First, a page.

evidence in your actions. James is saying that false faith will not save
you. A faith that is not productive is not really faith, and therefore can
do nothing for you in relation to salvation. It is as simple as that. Why
the major conflict over the years is beyond my thinking.
James uses an example of a poor brother who has no food or clothing.
If we simply tell him "go, I wish you well", as James says, then
what good are those words to him. You might as well say, "good
luck" to him. What he needs is more than words. He needs some food or
clothing. He may also need help in figuring out how he can go about making
sufficient money on his own in order to buy his own food and clothing.
In verse 17 James says, "in the same way, faith without works
is dead". Faith, or our trust in Jesus should be more than words. If
it is only in words, then it is not true faith. If we truly trust Jesus,
it will be evident in the way we live. The more we trust Jesus, the more
it will be seen in our life. The less we trust Him, the less it will be
seen. Once again, trusting in Jesus is productive. This is the issue that
James is speaking to.
In verse 18 James assumes an argument that someone might present him
concerning this issue. Some might say that they have faith and another has
works, or vise versa. James says that I claim to have faith and you will
see it by what I do, not by what I say.
He goes on to say, "you believe that there is one God, good,
even the demons believe thatÖ" This gets to the core of what true
faith is. Faith is not mental assent to the truth. Faith is trusting
Jesus. In our modern-day language we equate the words believe and faith to
simply mentally accepting something as true. Yet Scriptural belief and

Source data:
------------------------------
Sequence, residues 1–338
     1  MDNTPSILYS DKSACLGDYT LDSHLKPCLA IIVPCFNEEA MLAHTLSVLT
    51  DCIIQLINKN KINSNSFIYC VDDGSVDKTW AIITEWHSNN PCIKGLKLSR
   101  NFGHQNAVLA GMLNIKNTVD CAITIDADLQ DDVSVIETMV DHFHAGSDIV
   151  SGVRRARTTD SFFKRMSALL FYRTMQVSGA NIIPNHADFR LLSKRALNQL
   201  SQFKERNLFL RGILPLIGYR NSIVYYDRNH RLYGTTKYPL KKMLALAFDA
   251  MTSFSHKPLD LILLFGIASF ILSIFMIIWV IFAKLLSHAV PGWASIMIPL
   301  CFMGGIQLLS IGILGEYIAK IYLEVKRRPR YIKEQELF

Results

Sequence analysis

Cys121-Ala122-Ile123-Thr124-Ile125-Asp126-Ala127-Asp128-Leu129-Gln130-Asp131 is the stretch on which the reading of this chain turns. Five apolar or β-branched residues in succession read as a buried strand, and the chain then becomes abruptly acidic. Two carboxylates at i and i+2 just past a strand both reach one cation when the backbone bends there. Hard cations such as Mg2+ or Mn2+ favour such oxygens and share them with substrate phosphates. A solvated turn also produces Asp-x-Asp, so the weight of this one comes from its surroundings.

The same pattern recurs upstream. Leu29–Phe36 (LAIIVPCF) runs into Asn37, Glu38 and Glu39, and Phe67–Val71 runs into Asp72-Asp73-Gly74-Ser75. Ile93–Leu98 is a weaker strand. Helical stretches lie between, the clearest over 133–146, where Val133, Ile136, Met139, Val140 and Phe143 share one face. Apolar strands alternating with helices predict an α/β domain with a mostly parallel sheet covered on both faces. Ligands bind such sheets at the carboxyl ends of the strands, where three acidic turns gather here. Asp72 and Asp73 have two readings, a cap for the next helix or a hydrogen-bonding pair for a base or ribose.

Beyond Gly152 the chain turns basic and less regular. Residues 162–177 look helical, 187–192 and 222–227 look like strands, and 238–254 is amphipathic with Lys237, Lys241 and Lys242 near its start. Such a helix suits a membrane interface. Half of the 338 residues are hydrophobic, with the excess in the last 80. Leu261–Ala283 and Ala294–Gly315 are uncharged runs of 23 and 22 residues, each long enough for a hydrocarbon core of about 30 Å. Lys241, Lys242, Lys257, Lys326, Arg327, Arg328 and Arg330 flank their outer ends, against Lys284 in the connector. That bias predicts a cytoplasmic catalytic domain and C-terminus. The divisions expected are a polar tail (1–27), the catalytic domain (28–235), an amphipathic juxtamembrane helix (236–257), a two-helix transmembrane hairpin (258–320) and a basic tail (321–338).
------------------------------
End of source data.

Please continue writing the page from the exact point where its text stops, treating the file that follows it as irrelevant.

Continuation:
faith does not mean simply accepting something in your mind as being true.
Scripturally speaking, faith is a loving commitment to Jesus. Faith is
trusting Jesus for your salvation and the rest of your life as well.
In verse 20 James sounds like Paul himself when he says, "you
foolish man, do you want evidence that faith without deed is
useless". What James is about to say next is the main reason for the
apparent problem between him and Paul. At this point maybe even Paul
himself, if he had read this letter, would have to step in and make sure
that what he was saying was not being misinterpreted.
In verse 21 James says, "was not our ancestor Abraham
considered righteous for what he did when he offered his son Isaac on the
alter"? Later, in verse 24 James says this, and this is the verse
that we must deal with in relation to what Paul said. "We see that a
person is justified by what he does and not by faith aloneí.
Before we go further, we need to see Paulís words on this point
because Paul uses the same person in Abraham to say that a man is
justified by "faith alone". Paul says, that there is " a
righteousness of God apart from the Law Ö which comes through faith in
Jesus Christ". (Rom. 3:21) He also says, "if in fact Abraham was
justified by works, he had something to boast about Ö Abraham believed
God and it was credited to him as righteousness". (Rom 4:2-3) Paul
goes on to say in Rom. 4:5, "Öto the man who does not work, but
trusts God who justifies the wicked, his faith is credited as
We continue to see what Paul has to say in Gal. 2:16, "Ö a
man is not justified by observing the law but by faith in Jesus ChristÖbecause
by observing the Law none will be justified". One last quote from
Paul. "you ware trying to be justified by the law have alienated